“And my father said, ‘So, where are they?’ And the caretaker” — who was Jewish — “said, ‘We had them buried. And when the Soviet Union became a little more open, we dug them up, and we hid them under the bimah.’” In other words, the sifrei Torah had been carefully wrapped and put into a hole dug for them, stayed there for some unspecified number of decades, probably about three, and then were unearthed. They were treated with reverence but they were not used. There was nobody around to use them.

“They were buried without the handles or the silver,” Jill said. “They were detached from the wood. It was just the parchment.

“There were a lot of scrolls.”

Torah Tekel is strapped in for a direct flight from Newark to Palm Beach. It’s en route to Hannah Tekel’s bat mitzvah.

Louis Tekel had come to that trip to the Soviet Union with attitude. “He flew B17 bombers in World War II,” his son said. “He was part of the Bloody 100th,” the American heavy bombardment group, based in Britain, that undertook a series of devastating raids on Germany and France, and lost a devastating number of brave airmen. “Most of the guys in the 100th didn’t survive,” Harvey continued. “That gave him a sense that he could do anything.”

After the war, Louis Tekel was successful in business; “he ran a large commercial industrial laundry, based first in Jersey City and then in Newark,” Jill said. “And he had the feeling that he could figure stuff out, because if the Germans couldn’t kill him, no one else could.”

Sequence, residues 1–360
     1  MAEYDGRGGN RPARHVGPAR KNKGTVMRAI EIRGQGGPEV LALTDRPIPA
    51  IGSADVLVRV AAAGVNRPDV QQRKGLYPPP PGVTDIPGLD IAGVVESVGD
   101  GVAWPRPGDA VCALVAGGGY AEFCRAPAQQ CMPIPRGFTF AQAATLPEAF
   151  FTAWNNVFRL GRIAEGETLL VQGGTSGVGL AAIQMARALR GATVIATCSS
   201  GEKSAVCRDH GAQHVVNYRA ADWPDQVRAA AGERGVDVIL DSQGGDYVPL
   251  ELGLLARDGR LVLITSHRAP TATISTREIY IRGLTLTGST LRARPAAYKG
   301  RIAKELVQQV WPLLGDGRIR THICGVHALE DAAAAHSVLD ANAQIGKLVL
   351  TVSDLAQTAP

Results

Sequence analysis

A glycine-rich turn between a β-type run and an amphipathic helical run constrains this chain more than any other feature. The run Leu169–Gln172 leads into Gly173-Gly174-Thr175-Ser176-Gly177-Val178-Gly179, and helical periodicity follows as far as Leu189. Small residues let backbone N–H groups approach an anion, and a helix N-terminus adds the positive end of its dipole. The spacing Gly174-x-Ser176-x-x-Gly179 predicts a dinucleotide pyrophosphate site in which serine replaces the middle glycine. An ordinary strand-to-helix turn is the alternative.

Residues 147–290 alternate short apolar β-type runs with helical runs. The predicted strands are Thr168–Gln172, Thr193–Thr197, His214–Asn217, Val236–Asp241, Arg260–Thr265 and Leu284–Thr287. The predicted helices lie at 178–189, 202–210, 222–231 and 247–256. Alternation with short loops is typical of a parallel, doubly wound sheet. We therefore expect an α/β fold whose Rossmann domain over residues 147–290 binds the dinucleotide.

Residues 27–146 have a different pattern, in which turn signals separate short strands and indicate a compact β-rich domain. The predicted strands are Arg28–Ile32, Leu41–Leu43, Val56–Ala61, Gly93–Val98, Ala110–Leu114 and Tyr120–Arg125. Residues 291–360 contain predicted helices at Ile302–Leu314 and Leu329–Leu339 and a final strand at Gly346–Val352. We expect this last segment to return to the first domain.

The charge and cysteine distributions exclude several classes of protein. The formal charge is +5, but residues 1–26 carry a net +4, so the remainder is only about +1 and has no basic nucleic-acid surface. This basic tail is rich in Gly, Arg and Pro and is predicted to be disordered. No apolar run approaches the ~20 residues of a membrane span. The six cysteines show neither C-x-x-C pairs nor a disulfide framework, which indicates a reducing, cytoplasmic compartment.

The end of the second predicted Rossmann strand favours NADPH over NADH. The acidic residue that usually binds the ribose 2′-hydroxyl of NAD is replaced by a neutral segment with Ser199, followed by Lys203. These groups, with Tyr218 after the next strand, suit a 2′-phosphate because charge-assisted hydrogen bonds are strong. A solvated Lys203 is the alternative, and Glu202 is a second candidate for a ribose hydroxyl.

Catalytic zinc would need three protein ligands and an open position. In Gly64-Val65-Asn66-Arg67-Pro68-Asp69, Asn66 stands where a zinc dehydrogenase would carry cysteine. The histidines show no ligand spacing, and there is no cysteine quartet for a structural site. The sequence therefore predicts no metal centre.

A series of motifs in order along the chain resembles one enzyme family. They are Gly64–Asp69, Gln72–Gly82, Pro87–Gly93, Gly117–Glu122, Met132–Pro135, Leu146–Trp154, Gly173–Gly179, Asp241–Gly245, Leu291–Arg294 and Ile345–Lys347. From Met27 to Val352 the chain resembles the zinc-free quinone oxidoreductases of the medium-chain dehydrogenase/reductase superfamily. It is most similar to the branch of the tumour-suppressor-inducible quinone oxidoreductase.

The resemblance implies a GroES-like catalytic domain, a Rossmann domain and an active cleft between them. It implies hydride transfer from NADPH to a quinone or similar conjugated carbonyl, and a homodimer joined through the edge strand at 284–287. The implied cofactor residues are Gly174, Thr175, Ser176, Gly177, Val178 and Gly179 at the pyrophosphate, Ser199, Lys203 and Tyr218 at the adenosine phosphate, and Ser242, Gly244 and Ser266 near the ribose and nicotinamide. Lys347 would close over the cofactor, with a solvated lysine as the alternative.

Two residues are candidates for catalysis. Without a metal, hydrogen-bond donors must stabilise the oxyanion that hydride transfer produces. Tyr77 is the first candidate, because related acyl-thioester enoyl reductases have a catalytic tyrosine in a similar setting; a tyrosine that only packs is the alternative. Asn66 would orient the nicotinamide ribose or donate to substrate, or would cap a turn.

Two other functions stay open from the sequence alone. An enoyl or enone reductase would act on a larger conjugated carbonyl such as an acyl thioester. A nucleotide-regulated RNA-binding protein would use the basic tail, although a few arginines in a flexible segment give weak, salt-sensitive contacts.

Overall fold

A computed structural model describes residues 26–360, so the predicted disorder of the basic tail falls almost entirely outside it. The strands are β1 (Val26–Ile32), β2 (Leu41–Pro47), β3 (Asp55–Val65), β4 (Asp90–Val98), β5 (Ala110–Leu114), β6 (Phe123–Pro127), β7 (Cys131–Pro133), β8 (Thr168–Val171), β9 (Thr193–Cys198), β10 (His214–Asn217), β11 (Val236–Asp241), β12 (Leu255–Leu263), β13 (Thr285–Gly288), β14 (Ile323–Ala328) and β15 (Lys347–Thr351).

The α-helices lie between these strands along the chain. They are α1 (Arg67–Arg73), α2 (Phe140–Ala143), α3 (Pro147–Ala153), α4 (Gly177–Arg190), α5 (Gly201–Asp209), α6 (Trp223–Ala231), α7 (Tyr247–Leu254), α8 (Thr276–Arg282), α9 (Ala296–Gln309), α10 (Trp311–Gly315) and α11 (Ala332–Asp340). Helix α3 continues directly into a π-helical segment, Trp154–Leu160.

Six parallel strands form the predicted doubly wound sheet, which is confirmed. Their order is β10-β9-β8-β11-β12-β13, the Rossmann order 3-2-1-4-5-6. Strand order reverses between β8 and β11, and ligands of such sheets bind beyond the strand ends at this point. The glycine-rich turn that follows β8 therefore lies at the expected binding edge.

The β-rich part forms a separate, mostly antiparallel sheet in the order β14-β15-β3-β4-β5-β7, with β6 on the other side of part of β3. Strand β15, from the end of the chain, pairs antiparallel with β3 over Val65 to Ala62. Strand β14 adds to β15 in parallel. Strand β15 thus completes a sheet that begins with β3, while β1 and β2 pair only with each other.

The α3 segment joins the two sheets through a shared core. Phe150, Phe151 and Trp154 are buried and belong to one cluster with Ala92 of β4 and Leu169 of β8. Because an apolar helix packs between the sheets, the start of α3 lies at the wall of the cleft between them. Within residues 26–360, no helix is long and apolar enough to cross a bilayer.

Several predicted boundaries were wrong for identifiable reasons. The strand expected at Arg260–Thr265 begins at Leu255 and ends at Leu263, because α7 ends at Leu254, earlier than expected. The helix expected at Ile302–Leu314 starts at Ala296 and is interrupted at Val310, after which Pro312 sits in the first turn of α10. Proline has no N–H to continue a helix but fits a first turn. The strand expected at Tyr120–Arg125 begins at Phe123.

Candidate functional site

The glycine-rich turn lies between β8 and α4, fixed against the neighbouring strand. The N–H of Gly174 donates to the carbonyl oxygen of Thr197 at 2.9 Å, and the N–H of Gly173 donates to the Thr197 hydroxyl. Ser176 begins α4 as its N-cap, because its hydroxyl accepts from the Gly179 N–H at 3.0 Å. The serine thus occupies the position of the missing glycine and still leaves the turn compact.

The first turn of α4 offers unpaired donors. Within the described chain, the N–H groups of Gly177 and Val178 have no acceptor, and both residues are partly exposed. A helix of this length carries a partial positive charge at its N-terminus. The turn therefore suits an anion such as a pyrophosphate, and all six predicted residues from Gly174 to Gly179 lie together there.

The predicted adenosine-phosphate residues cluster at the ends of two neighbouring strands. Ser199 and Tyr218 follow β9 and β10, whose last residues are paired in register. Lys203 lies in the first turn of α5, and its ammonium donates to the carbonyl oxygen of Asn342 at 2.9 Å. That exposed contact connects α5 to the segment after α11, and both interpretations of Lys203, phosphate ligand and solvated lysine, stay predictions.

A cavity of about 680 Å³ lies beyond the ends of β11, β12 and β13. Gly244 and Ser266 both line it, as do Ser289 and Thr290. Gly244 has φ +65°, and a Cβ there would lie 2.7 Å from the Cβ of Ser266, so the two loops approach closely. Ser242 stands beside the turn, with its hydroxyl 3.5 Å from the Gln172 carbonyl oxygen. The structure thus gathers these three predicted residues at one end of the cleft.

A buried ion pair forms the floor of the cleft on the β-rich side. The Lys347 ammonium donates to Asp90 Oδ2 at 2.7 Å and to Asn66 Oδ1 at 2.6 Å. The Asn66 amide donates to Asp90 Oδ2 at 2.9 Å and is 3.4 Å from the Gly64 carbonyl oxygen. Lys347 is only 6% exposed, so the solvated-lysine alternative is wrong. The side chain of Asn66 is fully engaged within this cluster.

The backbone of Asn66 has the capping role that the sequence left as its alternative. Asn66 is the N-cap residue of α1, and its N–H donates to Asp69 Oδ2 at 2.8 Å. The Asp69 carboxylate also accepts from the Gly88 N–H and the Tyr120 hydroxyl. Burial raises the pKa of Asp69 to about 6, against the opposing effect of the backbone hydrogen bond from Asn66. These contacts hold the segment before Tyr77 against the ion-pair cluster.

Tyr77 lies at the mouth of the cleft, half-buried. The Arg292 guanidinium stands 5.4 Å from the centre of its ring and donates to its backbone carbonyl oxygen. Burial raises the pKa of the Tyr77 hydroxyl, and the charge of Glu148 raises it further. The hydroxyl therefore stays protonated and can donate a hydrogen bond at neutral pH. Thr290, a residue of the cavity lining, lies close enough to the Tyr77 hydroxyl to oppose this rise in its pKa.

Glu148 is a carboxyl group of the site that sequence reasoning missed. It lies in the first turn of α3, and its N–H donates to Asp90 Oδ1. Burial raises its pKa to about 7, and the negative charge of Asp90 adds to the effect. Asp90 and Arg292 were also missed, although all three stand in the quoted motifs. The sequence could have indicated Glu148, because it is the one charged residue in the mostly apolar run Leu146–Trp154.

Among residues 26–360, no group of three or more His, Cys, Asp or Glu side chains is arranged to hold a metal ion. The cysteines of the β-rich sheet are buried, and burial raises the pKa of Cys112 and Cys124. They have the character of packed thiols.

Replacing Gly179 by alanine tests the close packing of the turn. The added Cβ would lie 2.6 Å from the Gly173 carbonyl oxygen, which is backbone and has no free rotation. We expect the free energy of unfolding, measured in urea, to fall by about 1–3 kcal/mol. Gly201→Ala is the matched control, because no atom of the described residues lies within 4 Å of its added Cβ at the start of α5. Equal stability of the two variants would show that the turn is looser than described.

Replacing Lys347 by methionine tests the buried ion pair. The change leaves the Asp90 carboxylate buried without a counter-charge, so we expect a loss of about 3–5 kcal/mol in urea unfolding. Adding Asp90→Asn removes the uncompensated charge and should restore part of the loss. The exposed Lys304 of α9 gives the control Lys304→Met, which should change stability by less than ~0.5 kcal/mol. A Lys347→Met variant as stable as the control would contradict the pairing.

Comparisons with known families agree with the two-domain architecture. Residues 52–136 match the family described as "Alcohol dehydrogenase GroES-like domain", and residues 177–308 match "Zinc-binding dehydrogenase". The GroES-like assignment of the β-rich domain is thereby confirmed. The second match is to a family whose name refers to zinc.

Back in the Kovno shul, “my father said, ‘Can I see the Torahs?’” Harvey reported. “And then he said to the guy, ‘Could I have one?’

“And the guy said, ‘Yeah, you could. You can have one. And you can have one of the little ones too.’ ” The surviving Jews of Kovno had buried some megillot along with the sifrei Torah, as well as some haftarah portions that had been written out on scrolls as well, “so that a bar mitzvah boy could use it.”

Yvette was not around when her husband made these arrangements, their son added. “She was the nicest, most honest person in the world,” he said. If it wasn’t legal to take the scroll, she wouldn’t have taken it. Unlike her husband, she wasn’t a rule-breaker. “But my father said, ‘Let’s just see what happens.’”

So he took the sefer Torah and the megillah — which could roll up fairly tightly, without the etz chaim, the wood spindles that the Torah usually winds around — and he stuffed it down the leg of a pair of jeans, and he packed the jeans into his suitcase.

His gamble paid off. His suitcase wasn’t searched, and there was no metal to set off any alarms.

Jill and Harvey Tekel are with their grandson Zachary Lieberman before his bar mitzvah at Agudath Israel in Caldwell. That’s the family Torah, too.

“Remember, this was the greatest generation,” Jill said. “What he and his friends accomplished was amazing.”